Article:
Stirling DAR gets review of West Feliciana book

Guest speaker Patricia Hardouin reviewed “Flags Along the Way: A Pictorial Journey Through the History of West Feliciana Parish” by Gail Chisum to the Alexander Stirling Chapter of the Daughters of the American Revolution on Jan. 14 at the West Feliciana Parish Library.

Hardouin shared experiences that she had at places described and pictured in the book, including playing the saxophone in the band at the Julius Freyhan School. She showed the cape she wore in the band and the dress she wore when she finished seventh grade, which was the last grade before entering high school.

Regent Lauren Pourciau gave a conservation report. Susan Dardard, American Indian chairwoman, had the group read an Indian prayer in unison. Beth Dawson, DAR Service to Veterans chairwoman, reported on items needed at the Louisiana War Veterans Home. Mary Ann Stevens told about the flag she is retiring that has flown at her home since Sept. 11, 2001.

Members brought Campbell Soup, Community Coffee and Betty Crocker labels for educational fundraisers and cola tabs for their DAR Schools projects. Mary Ellen Duhon reported on birthday cards for the children living at the DAR school in Tamassee, South Carolina.

Arlene Hughes, Glenna Fallin, Ann Weller, Stevens and Pourciau prepared and served lunch.

Former Louisiana National Guard Sgt. 1st Class Michael McNaughton, of Denham Springs, will speak to the chapter’s National Defense Luncheon Feb. 21 at Sammy’s Restaurant in Zachary. He was severely injured by a land mine in 2003 in Afghanistan. He received a medical discharge from the military and began a career focused on helping wounded veterans.

Holliday-James meets Trayvon Martin’s mom

Sarah Holliday-James, director for Urban Game Changers of Louisiana, met with Sybrina Fulton, mother of Trayvon Martin and founder of the Trayvon Martin Foundation, on Jan. 30 at BREC’s Independence Park Theatre.

Fulton was in town for “A Mother’s Cry” hosted by Stop the Killing. Fulton’s 17-year-old son was fatally shot in 2012 by a Florida neighborhood watch volunteer, sparking widespread protests.

The women discussed gun violence in urban communities, the need to educate citizens of their legal rights and the breakdown of laws.

Urban Game Changers is planning a daylong program about knowing one’s rights and criminal law. A planning meeting will be held at 5:30 p.m. Tuesday, March 3, at the Scotlandville Branch Library. The public is invited. For information, email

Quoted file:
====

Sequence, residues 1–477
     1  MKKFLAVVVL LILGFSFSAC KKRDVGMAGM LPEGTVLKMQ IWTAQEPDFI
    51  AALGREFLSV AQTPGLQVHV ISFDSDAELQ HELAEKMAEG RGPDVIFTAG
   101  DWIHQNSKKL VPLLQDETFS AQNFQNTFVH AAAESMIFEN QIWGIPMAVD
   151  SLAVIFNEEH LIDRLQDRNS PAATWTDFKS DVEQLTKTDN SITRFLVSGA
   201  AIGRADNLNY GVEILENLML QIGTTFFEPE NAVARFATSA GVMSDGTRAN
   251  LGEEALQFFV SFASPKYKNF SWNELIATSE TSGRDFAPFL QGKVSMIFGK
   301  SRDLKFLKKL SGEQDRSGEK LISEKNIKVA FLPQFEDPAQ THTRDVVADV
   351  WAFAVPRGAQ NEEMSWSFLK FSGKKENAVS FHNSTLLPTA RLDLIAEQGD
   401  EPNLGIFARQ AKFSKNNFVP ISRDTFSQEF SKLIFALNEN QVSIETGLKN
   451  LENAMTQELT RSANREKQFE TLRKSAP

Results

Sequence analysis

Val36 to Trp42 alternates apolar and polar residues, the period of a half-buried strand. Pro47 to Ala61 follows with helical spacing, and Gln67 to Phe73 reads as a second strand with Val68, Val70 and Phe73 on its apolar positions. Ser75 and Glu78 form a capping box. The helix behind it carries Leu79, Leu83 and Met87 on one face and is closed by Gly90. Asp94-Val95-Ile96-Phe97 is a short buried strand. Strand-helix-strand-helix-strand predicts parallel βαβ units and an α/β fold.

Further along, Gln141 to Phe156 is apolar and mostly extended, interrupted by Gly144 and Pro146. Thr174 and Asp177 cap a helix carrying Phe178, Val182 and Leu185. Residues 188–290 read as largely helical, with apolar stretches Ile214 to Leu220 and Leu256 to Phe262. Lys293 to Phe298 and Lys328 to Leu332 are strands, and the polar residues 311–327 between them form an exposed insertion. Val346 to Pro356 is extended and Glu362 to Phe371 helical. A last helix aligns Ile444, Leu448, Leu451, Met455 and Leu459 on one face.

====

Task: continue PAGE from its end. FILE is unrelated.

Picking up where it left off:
Civil War Round Table hears Forrest lecture

History professor Brian Wills spoke about Confederate Gen. Nathan Bedford Forrest to the Baton Rouge Civil War Round Table on Jan. 15 at Drusilla Seafood restaurant.

Wills is director of the Center for the Study of the Civil War Era at Kennesaw State University in Georgia.

He has written extensively on Forrest, including books titled “A Battle from the Start: The Life of Nathan Bedford Forrest,” “The Confederacy’s Greatest Cavalryman: Nathan Bedford Forrest” and “The River was Dyed with Blood: Nathan Bedford Forrest and Fort Pillow.”

Iota Master chapter learns about potatoes

Nancy McGraw gave a program about potatoes when Iota Master Chapter of Beta Sigma Phi met Jan. 22.

Grace Burley was hostess. Xi Delta Sigma Chapter members were guests.

Cheryl Foster, Social Committee chairwoman, organized the food for the evening, which included baked potatoes.

Iota Master is collecting ball gowns, dresses and shoes for the Cinderella Project, and a monetary donation is also being given to the Cinderella Project Leadership Academy, a college prep workshop for high school girls that exposes them to educational opportunities available after high school.

Virgie Germany, chapter sweetheart, will be honored at luncheon Feb. 7 at DeAngelo’s Casual Italian restaurant.

Compiled by Advocate staff writer George Morris. The “Community” column runs every Tuesday and Friday in The Advocate. Items should be submitted to “Community,” Advocate eatplaylive section, P.O. Box 588, Baton Rouge, LA 70821, or emailed to Events should be submitted in a timely fashion. By submitting photos to The Advocate, you agree that they can be published in any of The Advocate’s print or digital publications.